Both battles had short and long term effects on England and her adversaries Spain and France. The British victory over the Spanish Armada was largely attributed to God by both England and Spain. King Philip believed that ‘his sins, and those of the nation, had led God to disown the Armada’.."2 The British on the other hand, believed that it proved God favored the Protestant cause. Elizabeth’s position in the Protestant and political world was clearly advanced and the leaders of Europe were forced to recognize England as a worthy military power. Also, maintaining control of the English Channel allowed the British to continue sending troops to support King Philips enemies in the Netherlands. However, possibly the most significant result was the way the battle revolutionized naval warfare tactics and ship building. Although England’s victory over the Spanish Armada had many positive results, it did not manage to end the war between the two countries. In fact, ‘the nation united behind the King of Spain in its refusal to accept defeat’.."3 Since many of Spain’s ships returned intact they were able to repair and improve the ships quickly and launch another attack. This ongoing war with Spain prevented England from exploring and settling in the New World as they had hoped. However, ‘although it did not in itself confer control over the waves to the English, it served as inspiration to many future generations of English mariners, shipbuilders, and naval commanders.’."4
Unlike the British victory over the Spanish Armada which was attributed to God, the British victory over the combined French and Spanish fleet was wholly attributed to Admiral Nelson and his superior naval tactics. Unfortunately, Nelson was unable to experience the glory of victory because he died by a sniper’s bullet during the battle. A direct outcome of the victory by Nelson and the British fleet at Trafalgar was that it ended any possible threat of France invading England. ‘Napoleon was without ships and without sailors or the spirit to ever control the English Channel’.."5 It was a crippling loss for Napoleon and marked the decline of the French navy. The loss also affected France’s ability to conduct international trade resulting in economic disaster. For England, however, the victory secured their place as leader of the sea, a position they would maintain for over a century to come.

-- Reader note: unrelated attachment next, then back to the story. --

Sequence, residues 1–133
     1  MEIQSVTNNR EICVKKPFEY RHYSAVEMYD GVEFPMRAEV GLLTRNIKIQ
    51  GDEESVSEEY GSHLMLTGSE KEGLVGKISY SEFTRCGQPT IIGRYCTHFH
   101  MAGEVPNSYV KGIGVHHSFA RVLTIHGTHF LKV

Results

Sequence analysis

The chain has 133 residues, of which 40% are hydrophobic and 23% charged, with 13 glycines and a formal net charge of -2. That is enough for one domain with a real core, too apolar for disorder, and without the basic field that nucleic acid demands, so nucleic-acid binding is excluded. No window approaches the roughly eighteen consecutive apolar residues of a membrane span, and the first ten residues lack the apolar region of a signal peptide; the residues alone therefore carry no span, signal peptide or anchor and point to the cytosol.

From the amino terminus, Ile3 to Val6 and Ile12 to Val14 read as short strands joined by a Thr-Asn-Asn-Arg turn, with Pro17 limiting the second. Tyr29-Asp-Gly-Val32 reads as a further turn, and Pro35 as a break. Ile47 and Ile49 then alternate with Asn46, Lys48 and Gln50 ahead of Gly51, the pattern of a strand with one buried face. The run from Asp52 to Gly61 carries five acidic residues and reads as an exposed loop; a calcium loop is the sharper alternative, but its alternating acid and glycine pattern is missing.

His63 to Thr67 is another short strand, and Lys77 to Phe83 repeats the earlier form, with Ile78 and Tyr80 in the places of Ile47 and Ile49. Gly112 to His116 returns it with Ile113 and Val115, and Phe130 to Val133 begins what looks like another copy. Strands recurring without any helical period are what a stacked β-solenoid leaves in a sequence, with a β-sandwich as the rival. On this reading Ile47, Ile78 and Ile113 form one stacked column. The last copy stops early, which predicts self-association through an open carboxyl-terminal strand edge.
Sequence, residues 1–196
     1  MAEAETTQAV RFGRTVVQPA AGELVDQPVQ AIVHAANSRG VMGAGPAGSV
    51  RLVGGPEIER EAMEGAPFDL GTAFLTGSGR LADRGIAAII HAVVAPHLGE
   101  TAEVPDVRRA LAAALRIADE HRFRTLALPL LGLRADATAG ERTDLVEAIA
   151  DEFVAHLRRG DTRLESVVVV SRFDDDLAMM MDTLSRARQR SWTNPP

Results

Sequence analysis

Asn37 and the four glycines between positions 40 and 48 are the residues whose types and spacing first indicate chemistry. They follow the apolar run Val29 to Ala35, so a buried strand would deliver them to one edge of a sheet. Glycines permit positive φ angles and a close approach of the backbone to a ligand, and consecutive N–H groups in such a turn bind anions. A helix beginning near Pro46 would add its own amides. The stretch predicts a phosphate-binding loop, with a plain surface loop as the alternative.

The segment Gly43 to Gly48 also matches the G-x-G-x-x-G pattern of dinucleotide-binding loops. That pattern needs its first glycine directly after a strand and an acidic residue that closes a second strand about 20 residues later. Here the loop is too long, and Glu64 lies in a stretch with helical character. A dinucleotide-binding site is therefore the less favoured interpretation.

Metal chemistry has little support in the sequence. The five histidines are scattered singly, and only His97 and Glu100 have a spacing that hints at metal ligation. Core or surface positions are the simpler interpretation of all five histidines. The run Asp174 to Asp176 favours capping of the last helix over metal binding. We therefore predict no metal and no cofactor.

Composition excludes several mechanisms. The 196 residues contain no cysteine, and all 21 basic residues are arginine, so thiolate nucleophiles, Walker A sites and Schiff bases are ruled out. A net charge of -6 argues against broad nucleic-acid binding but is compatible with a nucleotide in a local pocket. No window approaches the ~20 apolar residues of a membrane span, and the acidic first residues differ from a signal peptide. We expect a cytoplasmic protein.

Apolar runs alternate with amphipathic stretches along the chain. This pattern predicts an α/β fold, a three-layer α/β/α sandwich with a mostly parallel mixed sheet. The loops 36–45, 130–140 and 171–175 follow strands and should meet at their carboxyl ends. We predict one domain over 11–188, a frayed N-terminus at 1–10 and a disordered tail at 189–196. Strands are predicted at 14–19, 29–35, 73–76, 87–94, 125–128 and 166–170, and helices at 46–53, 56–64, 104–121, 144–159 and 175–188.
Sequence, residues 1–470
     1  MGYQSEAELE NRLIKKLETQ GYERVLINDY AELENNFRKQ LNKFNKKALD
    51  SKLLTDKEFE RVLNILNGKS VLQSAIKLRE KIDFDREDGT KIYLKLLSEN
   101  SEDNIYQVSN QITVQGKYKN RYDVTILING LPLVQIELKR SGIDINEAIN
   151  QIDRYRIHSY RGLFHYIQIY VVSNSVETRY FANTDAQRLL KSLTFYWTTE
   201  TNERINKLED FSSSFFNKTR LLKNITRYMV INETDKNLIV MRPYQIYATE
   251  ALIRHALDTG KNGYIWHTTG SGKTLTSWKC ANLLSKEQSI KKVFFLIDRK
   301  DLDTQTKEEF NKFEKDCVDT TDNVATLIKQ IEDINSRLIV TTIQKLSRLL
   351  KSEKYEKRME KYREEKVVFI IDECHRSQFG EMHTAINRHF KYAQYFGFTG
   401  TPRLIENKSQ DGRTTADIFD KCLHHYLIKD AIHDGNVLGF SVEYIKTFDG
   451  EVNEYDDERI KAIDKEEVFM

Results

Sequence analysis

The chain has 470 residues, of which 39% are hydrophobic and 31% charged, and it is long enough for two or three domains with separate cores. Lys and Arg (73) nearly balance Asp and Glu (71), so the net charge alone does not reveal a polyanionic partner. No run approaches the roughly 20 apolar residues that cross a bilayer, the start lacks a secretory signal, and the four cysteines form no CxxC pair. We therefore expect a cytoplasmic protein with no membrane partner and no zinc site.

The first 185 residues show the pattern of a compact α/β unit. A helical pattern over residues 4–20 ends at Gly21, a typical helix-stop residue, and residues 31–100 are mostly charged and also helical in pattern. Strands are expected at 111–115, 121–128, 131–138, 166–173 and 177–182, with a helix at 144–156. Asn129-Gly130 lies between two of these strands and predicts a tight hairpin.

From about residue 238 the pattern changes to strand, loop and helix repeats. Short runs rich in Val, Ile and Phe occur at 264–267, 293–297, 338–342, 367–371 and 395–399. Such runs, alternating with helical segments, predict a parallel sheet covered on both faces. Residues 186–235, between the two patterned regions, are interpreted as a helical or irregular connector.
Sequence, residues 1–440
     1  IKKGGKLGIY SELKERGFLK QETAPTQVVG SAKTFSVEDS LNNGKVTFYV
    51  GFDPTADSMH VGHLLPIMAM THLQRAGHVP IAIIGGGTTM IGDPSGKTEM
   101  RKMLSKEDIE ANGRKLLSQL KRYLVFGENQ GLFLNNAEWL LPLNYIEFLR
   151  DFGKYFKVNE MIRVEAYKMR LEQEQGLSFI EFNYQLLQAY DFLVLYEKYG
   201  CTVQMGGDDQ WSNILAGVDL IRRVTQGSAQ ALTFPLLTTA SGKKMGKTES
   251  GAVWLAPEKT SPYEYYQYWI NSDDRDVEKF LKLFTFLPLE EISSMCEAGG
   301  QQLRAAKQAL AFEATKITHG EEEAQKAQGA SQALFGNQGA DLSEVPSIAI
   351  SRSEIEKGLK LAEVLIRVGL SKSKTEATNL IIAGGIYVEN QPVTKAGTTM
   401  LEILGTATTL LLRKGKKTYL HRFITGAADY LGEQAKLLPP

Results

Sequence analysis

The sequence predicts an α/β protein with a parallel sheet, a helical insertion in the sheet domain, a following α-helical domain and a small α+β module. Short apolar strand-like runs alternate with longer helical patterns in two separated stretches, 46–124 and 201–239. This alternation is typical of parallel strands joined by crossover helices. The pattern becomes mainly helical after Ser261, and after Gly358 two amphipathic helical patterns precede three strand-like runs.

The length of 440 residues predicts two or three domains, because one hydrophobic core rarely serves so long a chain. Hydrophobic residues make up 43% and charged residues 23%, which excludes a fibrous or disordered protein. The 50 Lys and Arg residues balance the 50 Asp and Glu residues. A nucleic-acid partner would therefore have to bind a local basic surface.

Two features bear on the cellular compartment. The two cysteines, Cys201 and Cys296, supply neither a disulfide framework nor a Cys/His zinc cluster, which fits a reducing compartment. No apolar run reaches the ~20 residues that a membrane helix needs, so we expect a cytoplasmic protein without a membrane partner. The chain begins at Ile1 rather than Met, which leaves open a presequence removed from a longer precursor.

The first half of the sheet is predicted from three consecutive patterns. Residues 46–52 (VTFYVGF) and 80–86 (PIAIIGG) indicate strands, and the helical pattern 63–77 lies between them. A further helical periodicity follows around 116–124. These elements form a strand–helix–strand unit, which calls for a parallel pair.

1. Which of the following was not a result of the Battle of Trafalgar?
(a) Ended any possible threat of France invading England
(b) France’s ability to conduct international trade was affected
(c) Nelson returned to England as a hero
(d) England became leader of the sea
2. Which of the following were reasons given for the Spanish invasion in 1588?
(a) To restore the Catholic Church in England
(b) To avenge the beheading of King Philip’s brother
(c) England was providing aid to King Philip’s enemies in the Netherlands
(d) Both a and c
3. Which of the following factors was not a major effect on outcome of the
4. Which of the following statements is not true?
(a) The victory of the Spanish Armada was primarily attributed to Nelson and his superior naval tactics.
(b) Napoleon’s reasons for invasion were strictly political
(c) The British saw the victory over the Spanish Armada as God favoring the Protestant cause
(d) Both battles were very important events in English history
Answers: c, d, b, a
up1Lowman, Michael R., George Thompson and Kurt Grussendorf, United States History: Heritage of Freedom, Second Edition, pg. 17
up2Whiting, Roger. The Enterprise of England, The Spanish Armada, pg. 207
up3Whiting, Roger. The Enterprise of England, The Spanish Armada, pg. 209
up4http://www.historybuff.com/library/refarmada4.html, paragraph 6
up5Watson, Steven J. The Reign of George III 1760-1815, pg. 433
Watson, Steven J. The Reign of George III 1760-1815. London: Oxford University Press, 1960
Keegan, John. Battle at Sea. London: Pimlico, 2004
Loman, Michael R., George Thompson, Kurt Grussendorf. United States History: Heritage of Freedom (2nd Edn). USA: Pensacola Christian College, 2002
Whiting, Roger. Enterprise of England: Spanish Armada. UK: Alan Sutton Publishing Limited, 1988
Konstam, Angus. The Armada Campaign 1588: The Great Enterprise Against England. UK: Osprey Publishing, 2001
Unknown, “Battle of Trafalgar” < http://en.wikipedia.org/wiki/Battle_of_Trafalgar>, Unknown, Unknown, September 12, 2004
Unknown, “Spanish Armada” < http://en.wikipedia.org/wiki/Spanish_Armada>, Unknown, Unknown, September 12, 2004
History Buff, “Spanish Armada Conclusions” <http://www.historybuff.com/library/refarmada4.html> Unknown, Unknown, September 12, 2004